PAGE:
Hamiltonian Federalism Vs. Jeffersonian Republicanism

President George Washington invited Hamilton and Jefferson to join his administration leading to a historic battle of minds.
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President George Washington had two strong willed men in his administration. Alexander Hamilton, born in the Caribbean to a single mother, had worked his way up to become the first treasury secretary. Thomas Jefferson, born rich in Virginia, was a slave owner who served as the first secretary of state. These two adversaries battled over the role of the government and the economy during the first years of the nation. By 1800, Jefferson had split with the Federalist Party of George Washington to head the Democratic-Republicans to a victory in that year’s election, signaling his defeat of Hamilton.

1 Strong Central Government

The root of Hamilton Federalism was a strong central government. To him, the Constitution was a charter binding the states to create a stable union. This stability depended, in this perspective, on the national government possessing more power than the individual states. His first plan was to create a national debt, largely by assuming the debt of the states. Doing so would provide the national government with a strong credit record, he believed. He also wanted to charter a Bank of the United States to make loans to manufacturers and other commercial enterprises.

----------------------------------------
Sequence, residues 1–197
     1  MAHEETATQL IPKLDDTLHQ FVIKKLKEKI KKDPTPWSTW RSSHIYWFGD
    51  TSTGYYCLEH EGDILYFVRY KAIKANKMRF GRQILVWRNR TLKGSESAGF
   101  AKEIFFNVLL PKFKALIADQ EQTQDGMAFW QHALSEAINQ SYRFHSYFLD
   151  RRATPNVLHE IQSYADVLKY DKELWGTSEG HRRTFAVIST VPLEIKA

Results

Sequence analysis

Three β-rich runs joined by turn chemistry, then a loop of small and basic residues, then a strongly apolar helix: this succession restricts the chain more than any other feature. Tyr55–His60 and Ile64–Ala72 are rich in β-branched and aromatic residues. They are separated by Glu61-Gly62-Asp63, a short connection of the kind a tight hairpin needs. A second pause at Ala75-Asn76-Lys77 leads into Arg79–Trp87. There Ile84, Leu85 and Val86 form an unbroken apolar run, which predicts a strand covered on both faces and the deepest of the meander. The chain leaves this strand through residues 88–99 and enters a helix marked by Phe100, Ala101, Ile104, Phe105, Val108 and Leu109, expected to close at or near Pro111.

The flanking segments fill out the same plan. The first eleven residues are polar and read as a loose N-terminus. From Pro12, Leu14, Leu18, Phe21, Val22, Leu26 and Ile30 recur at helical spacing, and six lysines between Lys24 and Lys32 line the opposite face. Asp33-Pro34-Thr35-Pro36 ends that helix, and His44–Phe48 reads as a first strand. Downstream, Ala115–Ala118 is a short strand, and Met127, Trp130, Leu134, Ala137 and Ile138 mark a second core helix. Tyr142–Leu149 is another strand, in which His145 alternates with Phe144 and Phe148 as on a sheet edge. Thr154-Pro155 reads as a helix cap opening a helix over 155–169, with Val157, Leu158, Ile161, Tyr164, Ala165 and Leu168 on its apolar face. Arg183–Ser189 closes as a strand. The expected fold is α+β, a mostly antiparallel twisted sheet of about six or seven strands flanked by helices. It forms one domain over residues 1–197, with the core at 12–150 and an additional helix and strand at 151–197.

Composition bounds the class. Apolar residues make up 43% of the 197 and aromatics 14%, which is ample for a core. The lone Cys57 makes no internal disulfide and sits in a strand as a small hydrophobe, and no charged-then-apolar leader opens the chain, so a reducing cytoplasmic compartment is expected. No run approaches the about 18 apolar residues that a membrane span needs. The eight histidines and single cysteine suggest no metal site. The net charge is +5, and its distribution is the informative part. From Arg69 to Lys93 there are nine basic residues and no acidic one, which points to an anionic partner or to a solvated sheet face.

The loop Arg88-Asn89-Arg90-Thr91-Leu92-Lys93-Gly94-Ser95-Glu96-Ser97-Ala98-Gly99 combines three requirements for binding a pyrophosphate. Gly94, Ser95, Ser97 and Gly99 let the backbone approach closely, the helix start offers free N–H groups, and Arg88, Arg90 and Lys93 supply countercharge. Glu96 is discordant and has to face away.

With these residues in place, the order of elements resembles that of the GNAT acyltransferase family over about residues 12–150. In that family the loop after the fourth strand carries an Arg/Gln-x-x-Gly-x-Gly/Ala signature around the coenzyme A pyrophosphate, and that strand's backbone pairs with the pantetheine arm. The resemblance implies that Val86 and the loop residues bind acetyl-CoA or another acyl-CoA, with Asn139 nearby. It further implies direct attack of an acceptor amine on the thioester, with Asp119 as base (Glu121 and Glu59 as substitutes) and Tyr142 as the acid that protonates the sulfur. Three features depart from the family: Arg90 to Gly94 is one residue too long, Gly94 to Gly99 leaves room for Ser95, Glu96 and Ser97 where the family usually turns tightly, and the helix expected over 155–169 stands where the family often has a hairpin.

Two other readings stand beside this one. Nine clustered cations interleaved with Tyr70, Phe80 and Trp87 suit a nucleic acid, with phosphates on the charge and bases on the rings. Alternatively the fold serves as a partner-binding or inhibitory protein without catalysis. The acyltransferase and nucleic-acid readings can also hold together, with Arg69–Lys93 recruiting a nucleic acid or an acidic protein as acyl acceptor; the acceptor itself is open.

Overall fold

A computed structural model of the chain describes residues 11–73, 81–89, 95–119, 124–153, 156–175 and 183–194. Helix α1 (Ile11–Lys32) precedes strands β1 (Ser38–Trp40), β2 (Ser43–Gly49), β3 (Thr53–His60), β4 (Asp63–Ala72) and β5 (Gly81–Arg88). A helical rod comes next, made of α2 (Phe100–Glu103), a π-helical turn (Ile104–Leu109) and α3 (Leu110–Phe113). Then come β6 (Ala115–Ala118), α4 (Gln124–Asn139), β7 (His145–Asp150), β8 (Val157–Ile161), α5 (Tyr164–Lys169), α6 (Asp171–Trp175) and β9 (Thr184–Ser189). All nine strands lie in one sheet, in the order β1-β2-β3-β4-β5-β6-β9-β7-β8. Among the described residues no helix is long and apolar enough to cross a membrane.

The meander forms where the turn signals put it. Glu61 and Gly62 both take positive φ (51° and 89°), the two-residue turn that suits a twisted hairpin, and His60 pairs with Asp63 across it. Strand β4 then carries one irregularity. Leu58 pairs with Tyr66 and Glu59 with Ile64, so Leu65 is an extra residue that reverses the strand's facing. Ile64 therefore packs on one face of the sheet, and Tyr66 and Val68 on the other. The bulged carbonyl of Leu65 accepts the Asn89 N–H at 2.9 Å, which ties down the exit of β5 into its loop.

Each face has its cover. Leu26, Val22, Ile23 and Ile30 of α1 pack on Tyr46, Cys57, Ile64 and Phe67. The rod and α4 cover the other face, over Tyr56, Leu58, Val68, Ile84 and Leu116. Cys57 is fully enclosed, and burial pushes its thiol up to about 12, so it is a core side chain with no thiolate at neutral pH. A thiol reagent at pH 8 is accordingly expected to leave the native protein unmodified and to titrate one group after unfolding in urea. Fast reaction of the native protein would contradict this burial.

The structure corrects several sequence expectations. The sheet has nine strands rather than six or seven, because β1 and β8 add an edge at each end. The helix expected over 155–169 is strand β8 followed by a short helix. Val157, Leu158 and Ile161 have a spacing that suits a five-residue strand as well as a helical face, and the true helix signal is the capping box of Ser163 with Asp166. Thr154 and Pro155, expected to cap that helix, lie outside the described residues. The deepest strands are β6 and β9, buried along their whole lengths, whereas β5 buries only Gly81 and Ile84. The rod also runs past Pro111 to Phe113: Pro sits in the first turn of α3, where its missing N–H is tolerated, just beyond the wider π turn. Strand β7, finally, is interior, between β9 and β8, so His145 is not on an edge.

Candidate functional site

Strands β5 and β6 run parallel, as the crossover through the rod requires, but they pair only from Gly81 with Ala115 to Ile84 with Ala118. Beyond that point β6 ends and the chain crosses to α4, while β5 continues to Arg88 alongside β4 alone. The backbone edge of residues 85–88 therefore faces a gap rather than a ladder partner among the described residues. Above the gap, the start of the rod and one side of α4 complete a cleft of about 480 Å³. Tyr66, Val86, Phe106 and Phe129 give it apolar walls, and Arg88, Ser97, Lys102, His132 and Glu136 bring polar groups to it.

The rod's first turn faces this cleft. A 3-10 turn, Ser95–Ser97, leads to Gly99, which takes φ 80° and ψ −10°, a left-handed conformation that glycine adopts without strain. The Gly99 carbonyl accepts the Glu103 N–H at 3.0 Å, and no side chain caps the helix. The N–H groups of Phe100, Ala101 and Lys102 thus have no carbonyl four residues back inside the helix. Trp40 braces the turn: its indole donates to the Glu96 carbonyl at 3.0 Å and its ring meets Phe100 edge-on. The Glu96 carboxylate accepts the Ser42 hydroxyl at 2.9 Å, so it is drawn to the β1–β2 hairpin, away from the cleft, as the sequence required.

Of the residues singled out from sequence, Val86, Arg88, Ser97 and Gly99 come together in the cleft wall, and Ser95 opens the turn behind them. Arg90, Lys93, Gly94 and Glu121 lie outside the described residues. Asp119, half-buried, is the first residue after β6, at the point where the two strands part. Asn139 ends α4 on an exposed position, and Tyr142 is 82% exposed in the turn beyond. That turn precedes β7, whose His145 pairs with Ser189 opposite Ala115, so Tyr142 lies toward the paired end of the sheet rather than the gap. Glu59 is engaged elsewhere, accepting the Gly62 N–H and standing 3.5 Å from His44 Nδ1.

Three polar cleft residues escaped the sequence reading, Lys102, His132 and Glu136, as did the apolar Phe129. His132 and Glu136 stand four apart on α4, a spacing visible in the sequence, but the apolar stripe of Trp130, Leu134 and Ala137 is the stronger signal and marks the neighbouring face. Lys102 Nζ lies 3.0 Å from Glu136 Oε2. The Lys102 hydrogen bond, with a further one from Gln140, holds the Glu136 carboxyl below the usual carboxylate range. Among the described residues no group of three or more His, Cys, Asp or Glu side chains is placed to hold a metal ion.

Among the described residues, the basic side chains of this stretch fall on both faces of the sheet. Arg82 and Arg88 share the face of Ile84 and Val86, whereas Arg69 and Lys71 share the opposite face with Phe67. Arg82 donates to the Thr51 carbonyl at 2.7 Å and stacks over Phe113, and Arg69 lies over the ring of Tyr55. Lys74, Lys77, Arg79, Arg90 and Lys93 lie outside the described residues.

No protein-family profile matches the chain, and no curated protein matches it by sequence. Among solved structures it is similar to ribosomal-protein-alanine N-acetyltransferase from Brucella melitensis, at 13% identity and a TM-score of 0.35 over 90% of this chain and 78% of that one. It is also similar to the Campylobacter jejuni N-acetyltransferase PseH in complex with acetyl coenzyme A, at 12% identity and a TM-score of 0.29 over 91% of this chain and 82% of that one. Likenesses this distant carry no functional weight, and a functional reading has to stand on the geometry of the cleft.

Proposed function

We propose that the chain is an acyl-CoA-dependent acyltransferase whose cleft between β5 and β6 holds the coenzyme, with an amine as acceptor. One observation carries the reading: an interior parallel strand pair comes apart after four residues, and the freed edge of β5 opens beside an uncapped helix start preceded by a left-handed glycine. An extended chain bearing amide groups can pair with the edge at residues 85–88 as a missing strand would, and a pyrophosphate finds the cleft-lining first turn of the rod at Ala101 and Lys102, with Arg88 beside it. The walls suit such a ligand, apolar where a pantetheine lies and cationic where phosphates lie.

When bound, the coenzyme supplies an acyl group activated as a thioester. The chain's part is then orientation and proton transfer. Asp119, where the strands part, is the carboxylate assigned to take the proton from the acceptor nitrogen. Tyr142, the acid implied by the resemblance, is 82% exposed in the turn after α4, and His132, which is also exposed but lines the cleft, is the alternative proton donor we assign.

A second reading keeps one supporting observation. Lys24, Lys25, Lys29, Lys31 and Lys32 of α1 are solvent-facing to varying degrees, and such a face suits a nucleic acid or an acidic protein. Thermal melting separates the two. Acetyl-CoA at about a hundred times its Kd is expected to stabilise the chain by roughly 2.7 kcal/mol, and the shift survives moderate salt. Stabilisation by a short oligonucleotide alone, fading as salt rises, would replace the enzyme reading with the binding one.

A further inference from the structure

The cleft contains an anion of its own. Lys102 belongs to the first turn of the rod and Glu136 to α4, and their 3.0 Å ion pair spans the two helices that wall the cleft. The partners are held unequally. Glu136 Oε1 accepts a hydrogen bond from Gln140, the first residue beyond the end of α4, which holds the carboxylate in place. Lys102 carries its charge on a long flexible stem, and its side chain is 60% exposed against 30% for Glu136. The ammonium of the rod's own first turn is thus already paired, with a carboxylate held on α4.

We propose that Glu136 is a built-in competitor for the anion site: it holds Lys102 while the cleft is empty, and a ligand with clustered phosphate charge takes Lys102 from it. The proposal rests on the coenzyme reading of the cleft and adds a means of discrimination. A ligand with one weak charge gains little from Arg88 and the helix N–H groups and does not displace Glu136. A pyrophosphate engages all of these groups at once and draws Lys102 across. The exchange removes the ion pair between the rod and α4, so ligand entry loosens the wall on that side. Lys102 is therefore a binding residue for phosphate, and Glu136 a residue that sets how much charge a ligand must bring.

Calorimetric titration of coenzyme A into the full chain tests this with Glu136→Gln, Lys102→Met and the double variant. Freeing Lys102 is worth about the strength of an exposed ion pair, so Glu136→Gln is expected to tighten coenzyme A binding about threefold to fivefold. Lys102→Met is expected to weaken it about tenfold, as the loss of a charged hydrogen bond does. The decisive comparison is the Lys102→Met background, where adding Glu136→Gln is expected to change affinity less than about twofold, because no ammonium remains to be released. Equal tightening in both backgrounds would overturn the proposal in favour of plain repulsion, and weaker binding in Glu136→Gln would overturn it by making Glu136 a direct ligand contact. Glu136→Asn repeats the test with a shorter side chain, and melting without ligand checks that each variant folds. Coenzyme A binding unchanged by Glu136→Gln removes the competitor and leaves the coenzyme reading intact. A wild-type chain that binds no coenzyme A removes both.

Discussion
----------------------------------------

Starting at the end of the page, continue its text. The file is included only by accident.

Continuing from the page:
2 Manufacturing Empire

Hamilton and the Federalists wanted the young nation to become a manufacturing empire to sustain economic growth. Hamilton called for tariffs, or taxes placed on foreign goods to raise the price, to encourage manufacturing and make American produced goods more affordable. This British model of economic growth rankled Jefferson who saw the potential for America becoming a nation of urban dwellers.

3 Yeoman Farmers

Jefferson abhorred the idea of America becoming an urban, manufacturing nation, something that could happen rapidly under the Hamiltonian vision. Instead, he believed rural individualism, symbolized by the yeoman farmer, was the best way to sustain a republic. Small yeoman farmers were the exemplars of American virtue, he claimed. Having spent time in Europe, Jefferson witnessed the disease, poverty and filth of many cities and did not want America taking a similar course. Moreover, people who worked for others, rather than being self-sufficient farmers, were susceptible to pressure from bosses to vote a certain way. This lack of political independence threatened American democracy, according to Jefferson.

4 Revolution of 1800

The disagreement over the best course for America culminated in what Jefferson called the Revolution of 1800. Jefferson, representative of the Democratic-Republicans, defeated the Federalists leading to the first turnover of political power to the opposition in American history. Democratic-Republicans would control the Executive branch and most of the federal government from 1801 to 1829.

David Kenneth has a Ph.D. in history. His work has been published in "The Journal of Southern History," "The Georgia Historical Quarterly," "The Southern Historian," "The Journal of Mississippi History" and "The Oxford University Companion to American Law." Kenneth has been working as a writer since 1999.